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Publication numberUS4095759 A
Publication typeGrant
Application numberUS 05/683,966
Publication dateJun 20, 1978
Filing dateMay 6, 1976
Priority dateMar 14, 1974
Publication number05683966, 683966, US 4095759 A, US 4095759A, US-A-4095759, US4095759 A, US4095759A
InventorsHeinz Woitschella, Wolfgang Reuter, Rolf Swik
Original AssigneeDornier Gmbh
Export CitationBiBTeX, EndNote, RefMan
External Links: USPTO, USPTO Assignment, Espacenet
Device for stabilization of captive aircraft
US 4095759 A
Abstract
This invention relates to an improvement in a device for the stabilization of a captive aircraft with a drive unit for rotor blades which produce lift with the aid of thrust, wherein a mooring line engages below the aircraft center of gravity, and wherein the device includes a control device intervening in the drive unit and the rotor blades for producing thrust,
The improvement comprising
A position regulator and translation damper for the purpose of influencing controls for the rolling and pitching axes,
An angular velocity regulator for the purpose of influencing yaw control, and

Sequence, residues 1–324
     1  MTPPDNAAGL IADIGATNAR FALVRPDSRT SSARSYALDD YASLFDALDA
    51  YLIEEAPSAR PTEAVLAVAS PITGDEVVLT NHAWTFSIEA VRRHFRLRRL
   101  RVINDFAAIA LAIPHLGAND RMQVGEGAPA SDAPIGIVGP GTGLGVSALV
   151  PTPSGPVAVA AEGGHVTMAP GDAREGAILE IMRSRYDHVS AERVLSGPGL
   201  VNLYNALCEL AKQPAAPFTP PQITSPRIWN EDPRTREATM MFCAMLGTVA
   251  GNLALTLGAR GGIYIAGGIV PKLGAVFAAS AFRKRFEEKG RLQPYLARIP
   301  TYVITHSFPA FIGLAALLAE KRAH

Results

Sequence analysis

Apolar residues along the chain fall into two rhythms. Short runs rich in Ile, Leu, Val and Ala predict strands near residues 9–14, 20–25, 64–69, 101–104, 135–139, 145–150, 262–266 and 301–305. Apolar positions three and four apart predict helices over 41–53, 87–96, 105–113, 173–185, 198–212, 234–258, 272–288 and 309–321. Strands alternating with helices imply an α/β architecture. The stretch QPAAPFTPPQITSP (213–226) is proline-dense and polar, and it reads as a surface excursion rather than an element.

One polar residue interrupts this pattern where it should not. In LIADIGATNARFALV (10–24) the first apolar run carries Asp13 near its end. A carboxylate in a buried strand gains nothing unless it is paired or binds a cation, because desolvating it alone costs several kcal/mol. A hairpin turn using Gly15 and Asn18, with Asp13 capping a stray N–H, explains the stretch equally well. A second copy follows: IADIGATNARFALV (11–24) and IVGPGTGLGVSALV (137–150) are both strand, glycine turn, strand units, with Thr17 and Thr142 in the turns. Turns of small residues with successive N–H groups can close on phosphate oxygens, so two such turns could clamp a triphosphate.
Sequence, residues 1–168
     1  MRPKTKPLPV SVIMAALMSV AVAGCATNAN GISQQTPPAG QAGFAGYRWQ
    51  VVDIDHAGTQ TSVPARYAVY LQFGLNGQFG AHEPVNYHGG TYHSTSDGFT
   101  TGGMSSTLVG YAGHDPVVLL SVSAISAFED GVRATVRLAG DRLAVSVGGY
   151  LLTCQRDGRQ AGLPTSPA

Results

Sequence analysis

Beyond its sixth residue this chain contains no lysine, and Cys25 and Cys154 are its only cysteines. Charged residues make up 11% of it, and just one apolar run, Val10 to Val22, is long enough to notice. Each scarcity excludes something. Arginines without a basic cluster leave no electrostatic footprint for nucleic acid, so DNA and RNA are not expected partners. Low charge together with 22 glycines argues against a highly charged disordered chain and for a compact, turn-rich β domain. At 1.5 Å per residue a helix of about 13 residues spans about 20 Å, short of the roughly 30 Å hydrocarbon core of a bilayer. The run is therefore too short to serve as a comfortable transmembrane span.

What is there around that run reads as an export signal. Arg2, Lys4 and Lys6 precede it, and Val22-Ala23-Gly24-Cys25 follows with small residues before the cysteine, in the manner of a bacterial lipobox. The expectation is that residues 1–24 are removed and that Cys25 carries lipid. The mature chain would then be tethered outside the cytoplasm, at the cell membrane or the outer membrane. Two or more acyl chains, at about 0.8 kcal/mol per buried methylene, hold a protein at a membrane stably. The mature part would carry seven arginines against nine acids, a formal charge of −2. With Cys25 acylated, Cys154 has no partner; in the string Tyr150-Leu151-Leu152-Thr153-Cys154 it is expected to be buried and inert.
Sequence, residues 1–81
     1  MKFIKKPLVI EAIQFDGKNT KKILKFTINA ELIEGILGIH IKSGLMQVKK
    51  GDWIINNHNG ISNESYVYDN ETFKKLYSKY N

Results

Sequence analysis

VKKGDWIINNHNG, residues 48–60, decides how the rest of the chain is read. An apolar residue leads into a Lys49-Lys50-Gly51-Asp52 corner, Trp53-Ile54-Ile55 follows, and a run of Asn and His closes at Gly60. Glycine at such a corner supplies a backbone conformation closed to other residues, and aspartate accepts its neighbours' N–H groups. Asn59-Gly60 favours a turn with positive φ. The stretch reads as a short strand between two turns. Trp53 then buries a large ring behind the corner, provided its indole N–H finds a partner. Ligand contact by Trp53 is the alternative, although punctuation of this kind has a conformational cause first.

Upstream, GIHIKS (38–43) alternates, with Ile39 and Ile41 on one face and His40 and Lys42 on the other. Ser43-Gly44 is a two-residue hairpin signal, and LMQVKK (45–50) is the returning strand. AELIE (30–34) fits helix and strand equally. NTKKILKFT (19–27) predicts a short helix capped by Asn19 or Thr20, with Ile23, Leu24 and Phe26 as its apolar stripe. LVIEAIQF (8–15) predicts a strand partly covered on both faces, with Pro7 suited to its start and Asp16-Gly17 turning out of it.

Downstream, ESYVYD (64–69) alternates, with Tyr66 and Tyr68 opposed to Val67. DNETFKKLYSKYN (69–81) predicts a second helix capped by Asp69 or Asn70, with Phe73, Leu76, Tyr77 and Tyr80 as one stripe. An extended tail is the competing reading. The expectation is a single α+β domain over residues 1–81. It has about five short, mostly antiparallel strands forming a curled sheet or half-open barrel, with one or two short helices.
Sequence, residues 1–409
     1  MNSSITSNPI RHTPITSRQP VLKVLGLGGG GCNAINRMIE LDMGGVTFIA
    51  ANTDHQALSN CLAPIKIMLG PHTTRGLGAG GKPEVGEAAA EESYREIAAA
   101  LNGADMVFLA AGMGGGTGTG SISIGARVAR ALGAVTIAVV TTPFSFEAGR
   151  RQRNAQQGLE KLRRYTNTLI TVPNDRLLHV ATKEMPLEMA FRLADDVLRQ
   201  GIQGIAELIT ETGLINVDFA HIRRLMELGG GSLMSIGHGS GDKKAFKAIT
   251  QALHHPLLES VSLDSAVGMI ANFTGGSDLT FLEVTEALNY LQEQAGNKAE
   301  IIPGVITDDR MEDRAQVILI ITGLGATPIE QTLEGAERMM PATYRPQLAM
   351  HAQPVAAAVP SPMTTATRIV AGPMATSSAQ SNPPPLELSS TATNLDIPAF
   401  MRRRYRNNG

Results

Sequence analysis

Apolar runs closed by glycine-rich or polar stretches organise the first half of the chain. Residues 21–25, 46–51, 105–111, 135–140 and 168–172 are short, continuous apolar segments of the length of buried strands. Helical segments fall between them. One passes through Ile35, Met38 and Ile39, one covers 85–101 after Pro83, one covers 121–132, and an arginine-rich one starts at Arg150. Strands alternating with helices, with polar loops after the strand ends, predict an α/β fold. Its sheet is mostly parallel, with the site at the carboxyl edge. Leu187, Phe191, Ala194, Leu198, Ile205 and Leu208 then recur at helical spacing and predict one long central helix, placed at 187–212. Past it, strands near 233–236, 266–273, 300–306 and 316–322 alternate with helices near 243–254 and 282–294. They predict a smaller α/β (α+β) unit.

A cable line traction regulator operating in dependence upon cable line traction in immediate proximity to the aircraft, and in dependence upon an output or power regulator for the drive unit, for the purpose of influencing output power regulation and the rotor blades for producing lift.
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Claims(3)
What is claimed is:
1. In a device for the stabilization of a captive rotorcraft with a drive unit, with output regulating means, for lifting rotor blade means having cyclic and collective control of said rotor blade means, and wherein a mooring line engages below the rotorcraft center of gravity.
the improvement comprising position regulating means and translation damping means for the purpose of maintaining predetermined reference values relating to all rotorcraft axes and to translation, and adapted to influence the cyclic control of said rotor blade means,
cable line traction regulating means adapted to influence said output regulating means and said collective control of said rotor blade means, said cable line traction regulating means being adapted to operate in dependence upon cable line traction in immediate proximity to the rotorcraft and in dependence upon rpm of said rotor blade means,
and angular velocity regulating means for influencing a yaw tail assembly control nozzle means for adjusting the position of the rotorcraft about its vertical axis by generating a control thrust.